U.S. Sen. Rob Portman: Taking on the addiction epidemic within the pandemic

Published 12:00 am Thursday, December 2, 2021

EDITOR”S NOTE: The following is an excerpt of remarks delivered by Sen. Portman on Monday on the floor of the U.S. Senate:

“In the past 19 months or so, our attention has understandably been directed towards the COVID-19 crisis.

And, once again, we see with omicron the possibility of another variant coming and those public health challenges are real.

But I’ve got to tell you, it’s led us to ignore another crisis. The Centers for Disease Control recently issued a report which was shocking and should serve as a wake-up call to all of us.

It said that between April of 2020 and April 2021, the most recent period for which we have data, we had over 100,000 individuals lose their lives to drug overdose deaths in this country.

That’s the highest ever. It’s a record.

By the way, 100,000 deaths per year is more than the deaths from gunshot wounds and the deaths from car accidents combined.

It’s truly the epidemic within the pandemic. Away from the headlines, we have this other tragic health care crisis that has left no part of the country unaffected.

Forty-six states and the District of Columbia have seen their overdose rates go up in the last year 26 percent increase in my home state of Ohio.

In some states, there are now as many drug overdose deaths as there are COVID-19 deaths.

Like many of you, I’ve seen firsthand the damage drugs like crystal meth or cocaine or heroin or now the synthetic opioids are causing to the families we represent, the people who have gotten caught in that spiral of drug abuse and addiction.

I’ve also seen the heroic efforts of first responders who have saved people’s lives by administering naloxone, which some call Narcan – its brand name.

It’s a miracle drug that literally saves lives by being able to reverse the effects of an overdose. And I have ridden with law enforcement and treatment providers on rapid response teams in various places in Ohio that follow up with those who have overdosed.

Literally somebody overdoses and then this rapid response team usually made up of law enforcement, but also treatment providers, social workers, go to people’s homes. And it’s amazing what you find out. I was, frankly, a little surprised during my first visit.

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Most people who are approached by these rapid response teams agree to get into treatment. And isn’t that the key?

Using Narcan again and again and again to save someone’s life is not the answer.

The answer is to get that person into treatment so that person can get back to his or her family, his or her work and a more normal life and to be more productive in life.

I’ve also met with families and loved ones affected, hearing their stories about how losing a family member to addiction has had such a negative impact, often tearing those families apart.

And of course, I’ve talked to a lot of people in recovery who’ve told me about the grip of addiction on their lives and how they got help and what worked and what didn’t work.

Unfortunately, a lot of people get help, get into treatment and it doesn’t work for them, and they have to do it again and again. But ultimately, for those who can stay in recovery, are able to stay sober and clean, they have the most amazing stories, and so many of them are coming back and contributing in big ways to our communities, many helping others.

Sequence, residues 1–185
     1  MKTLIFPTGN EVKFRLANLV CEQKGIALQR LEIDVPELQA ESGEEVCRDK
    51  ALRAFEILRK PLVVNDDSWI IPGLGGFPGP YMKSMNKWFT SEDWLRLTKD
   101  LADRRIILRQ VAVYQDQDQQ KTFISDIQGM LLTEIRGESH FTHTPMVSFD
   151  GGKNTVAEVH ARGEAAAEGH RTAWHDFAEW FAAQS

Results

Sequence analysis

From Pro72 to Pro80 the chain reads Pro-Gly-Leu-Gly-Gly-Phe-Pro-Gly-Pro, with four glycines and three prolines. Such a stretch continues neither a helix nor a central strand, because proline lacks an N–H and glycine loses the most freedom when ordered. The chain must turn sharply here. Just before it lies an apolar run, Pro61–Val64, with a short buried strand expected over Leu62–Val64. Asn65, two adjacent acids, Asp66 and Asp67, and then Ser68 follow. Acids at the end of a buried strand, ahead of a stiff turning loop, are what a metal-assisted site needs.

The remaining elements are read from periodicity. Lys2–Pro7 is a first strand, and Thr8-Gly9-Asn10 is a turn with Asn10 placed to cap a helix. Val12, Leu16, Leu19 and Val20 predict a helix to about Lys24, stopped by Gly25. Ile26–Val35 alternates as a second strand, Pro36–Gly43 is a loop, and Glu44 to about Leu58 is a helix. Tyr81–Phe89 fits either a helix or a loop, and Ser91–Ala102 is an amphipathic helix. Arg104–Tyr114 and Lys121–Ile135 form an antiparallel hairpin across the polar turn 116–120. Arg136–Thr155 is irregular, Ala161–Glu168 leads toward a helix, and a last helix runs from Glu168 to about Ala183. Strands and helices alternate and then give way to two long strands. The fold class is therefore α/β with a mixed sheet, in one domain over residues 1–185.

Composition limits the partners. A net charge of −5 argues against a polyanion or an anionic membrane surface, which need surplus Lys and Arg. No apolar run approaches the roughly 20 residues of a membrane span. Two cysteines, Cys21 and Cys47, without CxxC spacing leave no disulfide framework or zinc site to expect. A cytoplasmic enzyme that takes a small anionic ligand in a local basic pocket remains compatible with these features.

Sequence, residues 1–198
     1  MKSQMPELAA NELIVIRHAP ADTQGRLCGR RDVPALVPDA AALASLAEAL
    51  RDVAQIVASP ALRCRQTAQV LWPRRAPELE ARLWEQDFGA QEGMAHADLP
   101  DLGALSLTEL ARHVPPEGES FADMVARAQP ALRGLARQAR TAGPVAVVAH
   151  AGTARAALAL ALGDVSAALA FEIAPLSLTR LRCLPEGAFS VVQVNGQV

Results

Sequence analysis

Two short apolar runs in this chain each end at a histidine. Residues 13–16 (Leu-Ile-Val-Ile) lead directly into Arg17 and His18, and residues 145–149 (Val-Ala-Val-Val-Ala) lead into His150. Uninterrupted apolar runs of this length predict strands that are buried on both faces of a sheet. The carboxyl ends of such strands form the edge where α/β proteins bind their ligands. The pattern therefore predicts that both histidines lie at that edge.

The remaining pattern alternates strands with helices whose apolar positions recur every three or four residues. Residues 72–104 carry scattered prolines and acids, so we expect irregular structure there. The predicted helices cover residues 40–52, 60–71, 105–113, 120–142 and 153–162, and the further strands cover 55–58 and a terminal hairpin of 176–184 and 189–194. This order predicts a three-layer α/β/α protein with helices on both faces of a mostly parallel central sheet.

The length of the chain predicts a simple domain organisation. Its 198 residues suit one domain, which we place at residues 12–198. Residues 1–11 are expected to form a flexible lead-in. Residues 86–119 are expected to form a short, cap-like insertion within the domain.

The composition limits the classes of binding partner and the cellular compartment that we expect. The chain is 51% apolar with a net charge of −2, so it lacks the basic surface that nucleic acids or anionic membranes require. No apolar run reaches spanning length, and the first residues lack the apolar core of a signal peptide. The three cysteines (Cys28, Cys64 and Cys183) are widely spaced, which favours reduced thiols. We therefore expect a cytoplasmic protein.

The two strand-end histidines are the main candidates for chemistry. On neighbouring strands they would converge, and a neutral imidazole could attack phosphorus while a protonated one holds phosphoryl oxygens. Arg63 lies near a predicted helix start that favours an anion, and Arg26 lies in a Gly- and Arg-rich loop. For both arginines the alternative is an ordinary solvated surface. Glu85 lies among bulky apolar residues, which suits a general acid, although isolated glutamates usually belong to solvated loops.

Their recovery basically is reaching out to others and helping them along the way. Some are called recovery coaches, which is a more formal title, but so many of them are in effect recovery coaches, helping others who are struggling.

There are so many lives that have been touched by this crisis, 100,000 plus deaths, but so many others affected.

And I’ve made it a goal of mine to make sure Congress is playing its role in addressing this effort that must be at the community level, at the state level, but also at the national level, to respond to what is a true national crisis.

What makes this especially heartbreaking to me is that only a few years ago, we had finally begun to make progress on this.

We were beginning to turn the corner. We were seeing lower addiction rates. We were seeing lower overdose deaths for the first time in decades.

How do we do it? Well, we redoubled our efforts on prevention, on getting people into treatment, on getting people into longer term recovery, and making more naloxone available.

Thanks to the bipartisan leadership here in Congress, the Comprehensive Addiction and Recovery Act, or CARA, which I co-authored with my colleague Sheldon Whitehouse, and the 21st Century Cures Act were both signed into law in 2016, helping to pave the way for several billion dollars in new federal funding to strengthen state, local and nonprofit efforts to combat addiction.

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Washington can and should be a partner to the state and local groups on the ground every day working to combat this crisis.

We should be a better partner. We’ve got to all work together to find constructive solutions to the addiction epidemic and ensure more Americans don’t suffer in silence and that we don’t lose more lives to these deadly drugs, but instead ensure that more Americans can achieve their god given potential in life.”

Rob Portman is a Republican and the junior U.S. senator representing Ohio. His office can be reached at 212-224-3353.